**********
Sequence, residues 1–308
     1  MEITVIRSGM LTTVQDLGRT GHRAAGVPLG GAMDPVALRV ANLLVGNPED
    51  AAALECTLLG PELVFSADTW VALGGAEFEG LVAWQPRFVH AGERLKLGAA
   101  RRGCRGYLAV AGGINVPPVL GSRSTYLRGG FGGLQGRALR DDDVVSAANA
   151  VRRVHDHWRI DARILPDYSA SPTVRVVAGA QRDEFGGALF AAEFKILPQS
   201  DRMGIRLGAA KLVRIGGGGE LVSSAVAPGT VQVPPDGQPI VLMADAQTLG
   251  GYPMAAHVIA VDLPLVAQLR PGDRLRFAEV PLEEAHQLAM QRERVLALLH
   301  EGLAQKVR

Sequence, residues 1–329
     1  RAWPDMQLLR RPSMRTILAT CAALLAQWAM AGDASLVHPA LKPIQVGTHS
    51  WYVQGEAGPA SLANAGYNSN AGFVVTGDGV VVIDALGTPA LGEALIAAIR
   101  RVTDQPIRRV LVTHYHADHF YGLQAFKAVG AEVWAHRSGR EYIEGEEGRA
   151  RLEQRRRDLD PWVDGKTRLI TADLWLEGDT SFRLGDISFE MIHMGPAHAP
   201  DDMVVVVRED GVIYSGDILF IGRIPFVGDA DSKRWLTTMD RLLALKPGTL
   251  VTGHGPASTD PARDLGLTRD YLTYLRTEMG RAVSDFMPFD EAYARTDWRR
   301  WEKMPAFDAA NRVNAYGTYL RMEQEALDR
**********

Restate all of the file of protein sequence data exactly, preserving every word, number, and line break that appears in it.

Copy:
Sequence, residues 1–308
     1  MEITVIRSGM LTTVQDLGRT GHRAAGVPLG GAMDPVALRV ANLLVGNPED
    51  AAALECTLLG PELVFSADTW VALGGAEFEG LVAWQPRFVH AGERLKLGAA
   101  RRGCRGYLAV AGGINVPPVL GSRSTYLRGG FGGLQGRALR DDDVVSAANA
   151  VRRVHDHWRI DARILPDYSA SPTVRVVAGA QRDEFGGALF AAEFKILPQS
   201  DRMGIRLGAA KLVRIGGGGE LVSSAVAPGT VQVPPDGQPI VLMADAQTLG
   251  GYPMAAHVIA VDLPLVAQLR PGDRLRFAEV PLEEAHQLAM QRERVLALLH
   301  EGLAQKVR

Sequence, residues 1–329
     1  RAWPDMQLLR RPSMRTILAT CAALLAQWAM AGDASLVHPA LKPIQVGTHS
    51  WYVQGEAGPA SLANAGYNSN AGFVVTGDGV VVIDALGTPA LGEALIAAIR
   101  RVTDQPIRRV LVTHYHADHF YGLQAFKAVG AEVWAHRSGR EYIEGEEGRA
   151  RLEQRRRDLD PWVDGKTRLI TADLWLEGDT SFRLGDISFE MIHMGPAHAP
   201  DDMVVVVRED GVIYSGDILF IGRIPFVGDA DSKRWLTTMD RLLALKPGTL
   251  VTGHGPASTD PARDLGLTRD YLTYLRTEMG RAVSDFMPFD EAYARTDWRR
   301  WEKMPAFDAA NRVNAYGTYL RMEQEALDR